abstract     = {The COVID-19 pandemic has had a serious impact on people all over the world, from mental and physical health to economic downturn to education and social relationships, while political decisions in many countries have had a profound impact on the lives of all people regardless of age. Many of these effects can be studied with statistical and qualitative data such as collected questionnaires and sickness absence rates. But large-scale studies require expertise in multiple domains and from many points of view. SpråkbankenText continuously collects text from various sources. In order to fill the gap in the lack of an available Swedish COVID-19-related dataset, we started to build a Swedish COVID-19 corpus (sv-COVID-19). Various tools for e.g. lexical, semantic or pragmatic/discourse analyses can be then applied in order to answer relevant questions on e.g. how people, on a larger scale than what can be obtained through qualitative studies, experienced their everyday life through the different phases of COVID-19 crisis, or how political decisions and their consequences are described and discussed.},
	booktitle    = {CLARIN Annual Conference (Virtual Event). 27 – 29 September 2021. Monica Monachini, Maria Eskevich (red.). s. 31-34},
	author       = {Kokkinakis, Dimitrios},
	year         = {2021},

	title        = {Editorial: Digital Linguistic Biomarkers: Beyond Paper and Pencil Test},
	abstract     = {Over the last decades, a growing body of linguistic studies have been devoted to the clinical domain (Perkins 2011), while the amount of experimental linguistic research focusing on neuroscience and mental health has increased exponentially during the last few years.
Considering that many of the factors underlying cognitive and neuropsychiatric disorders may yield to late symptoms that are hard to foresee, it is often difficult to predict the existence of a presence or risk of a disease, as well as the disease’s trajectory. In this context, interdisciplinary approaches gain increasing popularity, and the analysis of complex behaviour – such as speech and language – emerges as a natural candidate to identify and analyse the extent to which a given neuropathology can impact the cognitive system at the very early stages. In this context, the development of cognitive evaluation and intervention tools focusing on linguistic biomarkers becomes a critical scientific arena both in and outside the clinic and laboratory (see Petrizzo & Popolo, 2020).

Recent international research has demonstrated that automated collected and analysed quantitative linguistic features, easily extractable from a patient’s verbal productions, can be very useful in separating people with various cognitive or mental impairment from healthy subjects, even at a very early stage (see Bedi et al., 2015), and even to predict the outcomes of clinical interventions (see Carrillo et al., 2018). In this line, machine learning-based language technology methods and tools based on artificial intelligence are particularly promising to address this task (Locke et al. 2021; Sigman et al., 2021). Indeed, subtle language disruptions can be employed as digital linguistic biomarkers, namely objective, quantifiable behavioural data that can be collected and measured by means of digital devices, allowing for a low-cost pathology detection, classification and monitoring. Compared to classical pen-and-paper neuropsychological tests, the use of these instruments shows many advantages – such as its non-intrusive and time-effective application – providing not only offline, but also online measures that serve as a proxy for cognitive processing and its underlying mechanisms.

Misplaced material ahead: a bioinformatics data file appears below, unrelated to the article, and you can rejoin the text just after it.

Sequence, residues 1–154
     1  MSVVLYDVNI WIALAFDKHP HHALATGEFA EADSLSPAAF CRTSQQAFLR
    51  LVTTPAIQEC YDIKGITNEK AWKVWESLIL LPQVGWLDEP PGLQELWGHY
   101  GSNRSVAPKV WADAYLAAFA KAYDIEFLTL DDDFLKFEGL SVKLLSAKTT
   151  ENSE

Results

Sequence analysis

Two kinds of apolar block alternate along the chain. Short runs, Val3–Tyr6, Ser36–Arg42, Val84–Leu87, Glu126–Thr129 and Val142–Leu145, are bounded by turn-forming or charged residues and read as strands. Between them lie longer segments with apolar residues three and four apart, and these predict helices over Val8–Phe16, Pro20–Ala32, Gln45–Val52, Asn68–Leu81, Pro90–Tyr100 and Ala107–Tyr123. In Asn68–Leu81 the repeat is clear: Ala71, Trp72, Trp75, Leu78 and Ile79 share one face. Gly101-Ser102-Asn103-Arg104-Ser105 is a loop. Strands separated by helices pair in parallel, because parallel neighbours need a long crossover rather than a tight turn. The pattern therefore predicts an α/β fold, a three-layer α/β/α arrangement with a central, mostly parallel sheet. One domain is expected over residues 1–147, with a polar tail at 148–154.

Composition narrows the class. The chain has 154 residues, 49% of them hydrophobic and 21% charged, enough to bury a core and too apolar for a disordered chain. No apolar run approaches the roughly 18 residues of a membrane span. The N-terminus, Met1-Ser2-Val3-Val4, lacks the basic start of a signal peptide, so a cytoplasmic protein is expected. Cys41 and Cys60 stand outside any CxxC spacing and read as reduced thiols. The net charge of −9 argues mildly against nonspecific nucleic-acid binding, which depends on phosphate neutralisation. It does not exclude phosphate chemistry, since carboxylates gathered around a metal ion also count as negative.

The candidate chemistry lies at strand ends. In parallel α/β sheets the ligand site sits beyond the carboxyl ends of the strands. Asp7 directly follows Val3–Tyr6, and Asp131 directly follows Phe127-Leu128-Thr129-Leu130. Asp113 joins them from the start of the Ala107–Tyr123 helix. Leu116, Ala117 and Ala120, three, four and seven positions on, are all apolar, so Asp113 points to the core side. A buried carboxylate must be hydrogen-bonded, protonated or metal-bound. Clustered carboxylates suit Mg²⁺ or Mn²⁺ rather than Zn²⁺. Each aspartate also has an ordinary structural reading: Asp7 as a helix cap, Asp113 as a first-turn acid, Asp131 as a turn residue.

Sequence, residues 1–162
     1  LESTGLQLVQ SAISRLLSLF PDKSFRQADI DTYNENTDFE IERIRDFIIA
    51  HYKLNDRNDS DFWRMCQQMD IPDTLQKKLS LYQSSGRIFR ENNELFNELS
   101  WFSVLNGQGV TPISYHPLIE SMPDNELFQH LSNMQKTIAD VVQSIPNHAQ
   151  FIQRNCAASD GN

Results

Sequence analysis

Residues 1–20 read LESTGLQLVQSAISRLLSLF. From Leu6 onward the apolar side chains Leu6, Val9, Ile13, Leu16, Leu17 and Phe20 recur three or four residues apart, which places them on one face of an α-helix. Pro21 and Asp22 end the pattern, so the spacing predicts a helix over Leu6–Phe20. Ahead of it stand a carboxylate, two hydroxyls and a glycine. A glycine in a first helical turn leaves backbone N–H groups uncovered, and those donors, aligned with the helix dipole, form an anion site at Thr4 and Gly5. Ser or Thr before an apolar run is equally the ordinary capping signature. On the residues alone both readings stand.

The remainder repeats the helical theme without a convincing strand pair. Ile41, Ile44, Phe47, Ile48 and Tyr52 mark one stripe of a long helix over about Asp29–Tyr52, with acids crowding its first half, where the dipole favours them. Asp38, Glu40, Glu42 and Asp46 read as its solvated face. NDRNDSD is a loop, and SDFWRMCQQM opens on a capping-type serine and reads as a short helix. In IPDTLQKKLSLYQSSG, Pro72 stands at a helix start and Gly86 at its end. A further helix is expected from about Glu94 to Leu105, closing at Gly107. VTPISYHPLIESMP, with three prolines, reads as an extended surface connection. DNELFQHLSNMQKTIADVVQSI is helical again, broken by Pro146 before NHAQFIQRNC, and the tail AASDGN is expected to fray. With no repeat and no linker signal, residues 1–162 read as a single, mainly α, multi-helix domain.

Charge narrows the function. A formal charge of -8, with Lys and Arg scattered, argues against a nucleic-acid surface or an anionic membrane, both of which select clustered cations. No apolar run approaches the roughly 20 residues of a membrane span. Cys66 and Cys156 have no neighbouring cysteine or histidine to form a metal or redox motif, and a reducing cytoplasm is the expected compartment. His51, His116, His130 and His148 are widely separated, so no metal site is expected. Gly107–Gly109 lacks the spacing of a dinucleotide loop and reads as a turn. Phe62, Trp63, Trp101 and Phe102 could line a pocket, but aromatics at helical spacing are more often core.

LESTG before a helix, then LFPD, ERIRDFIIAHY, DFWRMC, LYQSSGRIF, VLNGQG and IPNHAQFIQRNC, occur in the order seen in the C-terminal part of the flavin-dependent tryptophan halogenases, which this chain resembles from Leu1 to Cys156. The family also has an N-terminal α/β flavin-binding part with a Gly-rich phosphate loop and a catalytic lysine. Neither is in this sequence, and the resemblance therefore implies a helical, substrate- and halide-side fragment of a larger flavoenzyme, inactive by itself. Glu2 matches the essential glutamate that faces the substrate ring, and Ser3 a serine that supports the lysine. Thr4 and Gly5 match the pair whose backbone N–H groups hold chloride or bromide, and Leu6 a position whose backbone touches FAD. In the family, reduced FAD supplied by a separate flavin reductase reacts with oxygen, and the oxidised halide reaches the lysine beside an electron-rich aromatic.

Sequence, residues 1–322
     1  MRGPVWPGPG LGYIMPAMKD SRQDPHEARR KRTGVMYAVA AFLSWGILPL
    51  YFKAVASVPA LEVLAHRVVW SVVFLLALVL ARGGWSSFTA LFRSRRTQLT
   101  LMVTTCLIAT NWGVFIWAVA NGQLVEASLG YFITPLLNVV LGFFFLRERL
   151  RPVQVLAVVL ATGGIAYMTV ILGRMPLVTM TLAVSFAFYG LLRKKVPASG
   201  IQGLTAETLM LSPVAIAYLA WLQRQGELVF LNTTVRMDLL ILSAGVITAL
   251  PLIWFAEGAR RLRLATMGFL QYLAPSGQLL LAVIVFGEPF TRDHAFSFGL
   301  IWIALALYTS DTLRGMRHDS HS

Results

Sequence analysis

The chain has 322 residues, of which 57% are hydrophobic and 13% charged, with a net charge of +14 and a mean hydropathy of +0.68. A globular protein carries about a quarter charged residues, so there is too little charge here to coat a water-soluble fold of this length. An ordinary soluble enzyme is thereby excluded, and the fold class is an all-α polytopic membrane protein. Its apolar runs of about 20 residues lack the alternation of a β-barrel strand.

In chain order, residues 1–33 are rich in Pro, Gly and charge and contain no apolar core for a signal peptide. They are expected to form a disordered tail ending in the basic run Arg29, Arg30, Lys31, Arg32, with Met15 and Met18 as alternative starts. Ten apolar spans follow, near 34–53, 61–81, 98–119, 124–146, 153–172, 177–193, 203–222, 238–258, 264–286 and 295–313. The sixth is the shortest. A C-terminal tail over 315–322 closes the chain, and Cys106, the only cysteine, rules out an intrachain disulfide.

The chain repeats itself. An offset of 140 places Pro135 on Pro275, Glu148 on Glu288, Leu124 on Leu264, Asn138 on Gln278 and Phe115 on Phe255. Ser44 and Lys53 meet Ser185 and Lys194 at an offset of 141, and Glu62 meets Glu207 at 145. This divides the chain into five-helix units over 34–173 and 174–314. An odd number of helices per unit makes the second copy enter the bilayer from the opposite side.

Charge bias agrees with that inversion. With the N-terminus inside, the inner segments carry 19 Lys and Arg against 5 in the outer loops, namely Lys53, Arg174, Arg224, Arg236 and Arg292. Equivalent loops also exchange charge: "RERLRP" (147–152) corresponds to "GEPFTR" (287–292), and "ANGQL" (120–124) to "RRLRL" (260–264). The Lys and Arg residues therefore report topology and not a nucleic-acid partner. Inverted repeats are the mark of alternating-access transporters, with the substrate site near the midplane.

The aim of the Research Topic Digital Linguistic Biomarkers: Beyond Paper and Pencil Tests is to provide a state-of-the-art overview of this multidisciplinary and constantly evolving area of research, bringing together contributions from different quarters of the cognitive sciences. The collection comprises one systematic review, six original research papers, and one opinion paper. The articles are based on empirical and theoretical research from several disciplines (i.e., linguistics, psychology, Artificial Intelligence), and they tackle a range of developmental and acquired disorders. Most probably, dementia assessment has been one of the most rapidly evolving domain of Natural Language Processing (NLP) application for medical science (Petti, Baker & Korhonen 2020), but this approach is spreading rapidly through the community, with encouraging results on both developmental and acquired pathologies, as shown in the current article collection (i.e., autism, developmental language disorder, attention-deficit hyperactivity disorder, Alzheimer’s disease and mild cognitive impairment, or Parkinson’s disease). Furthermore, this Research Topic covers a variety of test languages showing the degree of internationalization of the research on the analysis verbal productions (i.e., English, Italian, German, and Japanese).},
	author       = {Gagliardi, Gloria and Kokkinakis, Dimitrios and Dunabeitia, Jon Andoni},
	year         = {2021},
	volume       = {12},
	pages        = {752238},

	title        = {Semantic Role Labeling},
	booktitle    = {The Swedish FrameNet++. Harmonization, integration, method development and practical language technology applications / edited by Dana Dannélls, Lars Borin and Karin Friberg Heppin},
	author       = {Johansson, Richard and Friberg Heppin, Karin and Kokkinakis, Dimitrios},
	year         = {2021},
	publisher    = {John Benjamins Publishing Company},
	address      = {Amsterdam / Philadelphia},
	ISBN         = {978 90 272 5848 9},
	pages        = {264–280},